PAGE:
When Tim McKenna’s basketball teams break at the end of practice or after a game, the players and coaches always say “family.” Developing a sense of family is what it’s all about for McKenna, whose 188 victories make him the winning-est coach in Durham Academy varsity boys basketball history.
“When our guys leave here, I want them to feel they were a part of a family. I want them to have developed some friendships that maybe they wouldn’t have otherwise had. I also want them to feel they have ownership in something that’s been a success, and that success has come because of the hard work and the commitment they have put in.
“I really believe those skills will make them better prepared when they get to college, and when they get that first job they will be able to call on some of the things, not only the good but the bad, that occur during an athletic season.”
McKenna didn’t play on his own prep team, Our Lady of Good Counsel High School in Olney, Maryland, but he played rec league basketball all through high school. Being a part of the team at Good Counsel was more than playing high school versus rec league. Good Counsel competed in the legendary Washington Catholic League, which was known as one of the best high school basketball leagues in the country and regularly sent players to top college programs and then to the NBA.
While he didn’t play high school ball, McKenna he knew he wanted to coach, and he made that a priority when he was a freshman at Providence College.
“I really got revved up, knowing that I wanted to coach. I had a love for basketball. Growing up, I had season tickets to University of Maryland basketball games. I was always around that environment. And then going to Providence College, a Big East school, basketball was really the focal point of the athletic program because there wasn’t football. Rick Barnes [now coaching at Tennessee] was the head coach. I was able to get in there, starting my freshman year all the way through when I graduated, and watch practices, really just get a feel for what the game was all about. I was able to meet a lot of people, learned a lot of things. Once I graduated I knew I wanted to get into coaching and luckily an opportunity opened up at Good Counsel. The rest is history. I’ve been doing it now for 23 years.”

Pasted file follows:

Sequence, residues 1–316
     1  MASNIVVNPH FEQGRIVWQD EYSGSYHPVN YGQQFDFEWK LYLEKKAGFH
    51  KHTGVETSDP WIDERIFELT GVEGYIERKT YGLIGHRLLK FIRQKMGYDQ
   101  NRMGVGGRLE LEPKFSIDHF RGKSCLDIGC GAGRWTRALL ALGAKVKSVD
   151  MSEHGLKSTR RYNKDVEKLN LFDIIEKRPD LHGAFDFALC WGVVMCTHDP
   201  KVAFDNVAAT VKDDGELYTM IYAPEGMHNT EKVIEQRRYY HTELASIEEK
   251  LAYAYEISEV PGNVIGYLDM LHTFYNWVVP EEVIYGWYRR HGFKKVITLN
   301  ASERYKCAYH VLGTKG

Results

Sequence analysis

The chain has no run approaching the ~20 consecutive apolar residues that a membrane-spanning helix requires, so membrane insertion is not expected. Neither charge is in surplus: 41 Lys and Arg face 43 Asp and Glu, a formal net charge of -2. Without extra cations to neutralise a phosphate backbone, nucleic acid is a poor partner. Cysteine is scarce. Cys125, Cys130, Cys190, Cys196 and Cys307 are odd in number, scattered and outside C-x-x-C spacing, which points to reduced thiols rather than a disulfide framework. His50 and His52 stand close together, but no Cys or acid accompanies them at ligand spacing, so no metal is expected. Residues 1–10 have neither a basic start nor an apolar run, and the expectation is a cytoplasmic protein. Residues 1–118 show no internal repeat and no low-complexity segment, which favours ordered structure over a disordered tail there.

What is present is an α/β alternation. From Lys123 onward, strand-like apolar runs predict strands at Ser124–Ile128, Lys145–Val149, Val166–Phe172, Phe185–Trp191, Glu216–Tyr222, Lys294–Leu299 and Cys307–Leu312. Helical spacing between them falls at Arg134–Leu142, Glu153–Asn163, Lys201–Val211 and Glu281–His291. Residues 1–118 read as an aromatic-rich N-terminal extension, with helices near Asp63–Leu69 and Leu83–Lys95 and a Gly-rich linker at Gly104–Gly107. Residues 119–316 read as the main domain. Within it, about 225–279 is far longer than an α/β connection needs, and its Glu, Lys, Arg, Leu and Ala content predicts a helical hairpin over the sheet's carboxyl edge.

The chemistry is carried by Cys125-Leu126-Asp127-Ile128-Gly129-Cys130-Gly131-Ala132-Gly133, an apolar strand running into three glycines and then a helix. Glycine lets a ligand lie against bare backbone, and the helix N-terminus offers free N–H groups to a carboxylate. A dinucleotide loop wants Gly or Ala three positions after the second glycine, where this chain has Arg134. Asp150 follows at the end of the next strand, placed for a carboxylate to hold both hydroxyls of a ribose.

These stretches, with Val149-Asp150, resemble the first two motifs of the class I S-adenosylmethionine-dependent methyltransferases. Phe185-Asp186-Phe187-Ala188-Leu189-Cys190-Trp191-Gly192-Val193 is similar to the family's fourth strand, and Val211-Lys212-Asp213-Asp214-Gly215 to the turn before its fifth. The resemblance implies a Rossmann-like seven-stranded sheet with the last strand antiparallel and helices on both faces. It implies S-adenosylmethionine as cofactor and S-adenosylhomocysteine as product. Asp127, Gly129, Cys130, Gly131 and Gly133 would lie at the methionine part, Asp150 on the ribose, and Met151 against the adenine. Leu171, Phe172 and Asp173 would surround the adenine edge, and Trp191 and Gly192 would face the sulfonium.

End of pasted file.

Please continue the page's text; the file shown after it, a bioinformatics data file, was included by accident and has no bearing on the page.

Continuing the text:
Fresh out of Providence, McKenna put his marketing degree to use first with the Maryland National Capital Park and Planning Commission and then in admissions and alumni work at Good Counsel. He was an assistant coach with the boys basketball team for seven years, head coach of the girls varsity for two years and then was head coach of the boys varsity for three years.
“Up there, basketball is much different. There is a level of competitiveness not only on the court, but off the court in getting players. You have to be sure that players succeed not only at your school, but many times they have aspirations to play Division I basketball. … That was always the goal of kids coming to schools like Good Counsel and DeMatha and Gonzaga, other schools up there. There was a lot of recruiting involved. It was like small college basketball. Recruiting is legal, so you went in and would see eighth-grade kids and try to convince them to come to your school, which all began in ninth grade.”
McKenna coached Roger Mason, who went on to play at Virginia; James Gist, who played at Maryland; and Omari Israel, who played at Notre Dame. Mason and Gist were both drafted by the NBA.
But after 12 years of coaching at Good Counsel and competing in the Washington Catholic League, “the rat race kind of wore on me and I needed a change of plans.”
McKenna moved to North Carolina in 2004, landed a job in marketing with The Hill Center and let it be known that he’d be interested in coaching basketball. Durham Academy tapped McKenna as varsity basketball coach in 2006, and in 2011 he became DA’s alumni director.
McKenna thinks his two jobs — coaching and alumni — are a good fit.